E. Scott Urdang has served as a member of our Board of Directors since October 2013. Mr. Urdang, who retired in 2012, was the founder, Chief Executive Officer and Chairman of Urdang Capital Management (now CenterSquare Capital Management, Inc.). CenterSquare Capital Management is an investment management company that manages and participates in public, private, global, and US-only real estate investment strategies. Mr. Urdang founded the company in 1987 and, at the time of his retirement, it had in excess of $5 billion under management. From 1984 to 1987, Mr. Urdang was a Partner at Laventhol and Horwath, a national consulting and accounting firm, where he served as regional partner in charge of real estate consulting with national responsibility for its pension consulting practice. Mr. Urdang also has experience as a Vice-President of Finance of a large regional development company that was involved in residential subdivisions, office buildings, apartments and shopping centers. Mr. Urdang has twenty (20) years of experience teaching both undergraduate and graduate courses in economics, corporate finance, and real estate finance and investment analysis at the Wharton School of the University of Pennsylvania.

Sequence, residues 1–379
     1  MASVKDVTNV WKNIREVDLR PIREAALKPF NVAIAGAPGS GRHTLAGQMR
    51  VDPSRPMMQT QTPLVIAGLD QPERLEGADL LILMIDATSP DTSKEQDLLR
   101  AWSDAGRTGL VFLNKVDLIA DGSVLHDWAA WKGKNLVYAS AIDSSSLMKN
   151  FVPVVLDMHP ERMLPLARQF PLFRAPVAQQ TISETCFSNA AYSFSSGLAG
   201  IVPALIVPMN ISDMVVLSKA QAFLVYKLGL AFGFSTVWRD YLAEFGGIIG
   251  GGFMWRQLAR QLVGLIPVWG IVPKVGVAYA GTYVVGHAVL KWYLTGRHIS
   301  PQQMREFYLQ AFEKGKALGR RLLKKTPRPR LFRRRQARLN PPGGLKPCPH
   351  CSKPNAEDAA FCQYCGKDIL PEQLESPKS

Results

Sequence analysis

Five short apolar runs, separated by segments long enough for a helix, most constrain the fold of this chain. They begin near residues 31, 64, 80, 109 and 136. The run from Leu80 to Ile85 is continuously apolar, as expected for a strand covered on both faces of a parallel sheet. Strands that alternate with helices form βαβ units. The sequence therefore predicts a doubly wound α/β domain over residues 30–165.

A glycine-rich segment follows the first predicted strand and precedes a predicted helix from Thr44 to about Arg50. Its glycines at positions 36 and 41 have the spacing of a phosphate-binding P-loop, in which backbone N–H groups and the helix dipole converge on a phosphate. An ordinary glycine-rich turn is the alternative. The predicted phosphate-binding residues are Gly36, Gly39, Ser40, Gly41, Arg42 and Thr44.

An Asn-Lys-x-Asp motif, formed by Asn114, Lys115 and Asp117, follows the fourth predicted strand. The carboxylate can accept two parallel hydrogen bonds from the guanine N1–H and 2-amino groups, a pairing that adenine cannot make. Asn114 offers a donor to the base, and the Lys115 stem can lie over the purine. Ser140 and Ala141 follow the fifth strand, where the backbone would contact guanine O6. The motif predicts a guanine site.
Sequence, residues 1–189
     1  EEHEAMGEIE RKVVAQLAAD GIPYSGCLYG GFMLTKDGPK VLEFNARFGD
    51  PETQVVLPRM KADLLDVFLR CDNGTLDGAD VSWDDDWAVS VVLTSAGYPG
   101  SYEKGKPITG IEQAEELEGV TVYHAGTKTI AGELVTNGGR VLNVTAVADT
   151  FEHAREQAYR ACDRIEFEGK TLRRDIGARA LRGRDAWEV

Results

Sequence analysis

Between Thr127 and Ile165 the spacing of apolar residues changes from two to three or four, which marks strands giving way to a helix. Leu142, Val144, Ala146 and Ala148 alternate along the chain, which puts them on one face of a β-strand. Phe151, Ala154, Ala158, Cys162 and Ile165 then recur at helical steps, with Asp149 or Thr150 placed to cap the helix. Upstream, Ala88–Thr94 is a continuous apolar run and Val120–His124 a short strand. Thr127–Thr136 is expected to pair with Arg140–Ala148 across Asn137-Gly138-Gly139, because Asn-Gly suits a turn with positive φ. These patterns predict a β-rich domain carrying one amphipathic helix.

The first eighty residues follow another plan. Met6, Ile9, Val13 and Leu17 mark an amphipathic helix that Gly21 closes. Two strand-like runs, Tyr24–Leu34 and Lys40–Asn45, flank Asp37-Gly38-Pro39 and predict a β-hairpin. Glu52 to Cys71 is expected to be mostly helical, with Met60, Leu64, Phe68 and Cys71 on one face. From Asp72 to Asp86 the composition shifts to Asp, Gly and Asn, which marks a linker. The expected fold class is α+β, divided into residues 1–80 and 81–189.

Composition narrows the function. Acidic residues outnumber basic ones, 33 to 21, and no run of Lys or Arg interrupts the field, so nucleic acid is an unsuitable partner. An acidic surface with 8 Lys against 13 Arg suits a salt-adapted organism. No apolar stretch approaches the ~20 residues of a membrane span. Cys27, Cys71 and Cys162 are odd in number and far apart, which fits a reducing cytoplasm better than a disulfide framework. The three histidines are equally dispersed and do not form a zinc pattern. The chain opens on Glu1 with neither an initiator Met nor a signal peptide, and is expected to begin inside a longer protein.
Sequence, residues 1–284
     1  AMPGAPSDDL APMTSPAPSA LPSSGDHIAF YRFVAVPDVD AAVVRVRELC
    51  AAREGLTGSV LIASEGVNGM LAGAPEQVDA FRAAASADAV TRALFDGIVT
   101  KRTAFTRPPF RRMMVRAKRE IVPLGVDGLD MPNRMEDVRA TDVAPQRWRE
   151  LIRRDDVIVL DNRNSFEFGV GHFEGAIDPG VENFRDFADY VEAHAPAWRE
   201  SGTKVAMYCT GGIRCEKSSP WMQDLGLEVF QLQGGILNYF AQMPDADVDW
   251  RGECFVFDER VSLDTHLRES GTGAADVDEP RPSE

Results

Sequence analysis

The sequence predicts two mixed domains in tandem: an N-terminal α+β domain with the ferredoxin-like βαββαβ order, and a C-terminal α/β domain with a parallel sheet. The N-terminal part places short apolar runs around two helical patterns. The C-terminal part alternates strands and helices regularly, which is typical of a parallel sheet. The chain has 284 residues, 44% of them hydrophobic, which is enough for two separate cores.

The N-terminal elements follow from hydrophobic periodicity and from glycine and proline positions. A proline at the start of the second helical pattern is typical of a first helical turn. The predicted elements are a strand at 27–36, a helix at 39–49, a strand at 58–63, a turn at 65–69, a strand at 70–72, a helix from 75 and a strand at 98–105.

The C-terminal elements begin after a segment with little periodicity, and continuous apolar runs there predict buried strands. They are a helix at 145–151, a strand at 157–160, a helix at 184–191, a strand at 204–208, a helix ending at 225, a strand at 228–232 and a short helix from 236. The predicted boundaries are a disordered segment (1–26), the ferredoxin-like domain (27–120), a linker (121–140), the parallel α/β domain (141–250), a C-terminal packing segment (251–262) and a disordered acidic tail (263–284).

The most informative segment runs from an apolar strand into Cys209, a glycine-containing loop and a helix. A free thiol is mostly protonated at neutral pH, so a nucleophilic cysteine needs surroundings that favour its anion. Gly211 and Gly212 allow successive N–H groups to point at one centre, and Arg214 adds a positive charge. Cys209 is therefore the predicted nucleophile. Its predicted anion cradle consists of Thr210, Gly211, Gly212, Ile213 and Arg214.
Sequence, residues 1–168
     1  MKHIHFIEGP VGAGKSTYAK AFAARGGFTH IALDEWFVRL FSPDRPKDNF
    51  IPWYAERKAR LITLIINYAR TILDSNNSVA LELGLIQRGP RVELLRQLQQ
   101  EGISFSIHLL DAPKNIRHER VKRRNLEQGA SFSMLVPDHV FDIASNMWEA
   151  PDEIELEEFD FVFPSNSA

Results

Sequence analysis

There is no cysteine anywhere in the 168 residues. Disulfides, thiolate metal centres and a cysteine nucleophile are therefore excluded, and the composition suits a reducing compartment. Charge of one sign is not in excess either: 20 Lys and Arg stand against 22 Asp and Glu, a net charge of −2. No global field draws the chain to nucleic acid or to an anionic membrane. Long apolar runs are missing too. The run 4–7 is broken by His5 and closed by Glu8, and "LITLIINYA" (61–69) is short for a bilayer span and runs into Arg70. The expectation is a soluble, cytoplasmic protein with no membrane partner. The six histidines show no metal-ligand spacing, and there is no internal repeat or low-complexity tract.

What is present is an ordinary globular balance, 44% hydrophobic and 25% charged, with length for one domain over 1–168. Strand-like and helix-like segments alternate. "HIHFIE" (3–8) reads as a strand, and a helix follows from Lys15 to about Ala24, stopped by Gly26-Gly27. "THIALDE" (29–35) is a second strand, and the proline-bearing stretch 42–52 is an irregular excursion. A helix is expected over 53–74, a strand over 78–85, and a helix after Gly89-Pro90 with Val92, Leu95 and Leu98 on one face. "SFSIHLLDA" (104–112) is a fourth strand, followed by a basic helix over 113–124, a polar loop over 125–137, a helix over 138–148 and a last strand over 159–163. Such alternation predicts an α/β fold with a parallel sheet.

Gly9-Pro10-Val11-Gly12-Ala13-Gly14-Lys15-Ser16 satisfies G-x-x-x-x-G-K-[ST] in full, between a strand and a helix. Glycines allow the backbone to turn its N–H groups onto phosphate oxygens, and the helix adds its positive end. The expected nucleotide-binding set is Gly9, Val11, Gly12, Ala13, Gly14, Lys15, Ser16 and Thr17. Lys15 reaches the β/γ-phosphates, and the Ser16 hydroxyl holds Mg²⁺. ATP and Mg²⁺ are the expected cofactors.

The Board of Directors supports and approves Mr. Urdang’s nomination and continued service on our Board of Directors because of his extensive experience, comprehensive knowledge and strong record of success in the real estate industry as an investor, developer, entrepreneur and professor.
Our Board of Directors unanimously recommends a vote FOR the election of
each of the nominated directors.
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BOARD COMPOSITION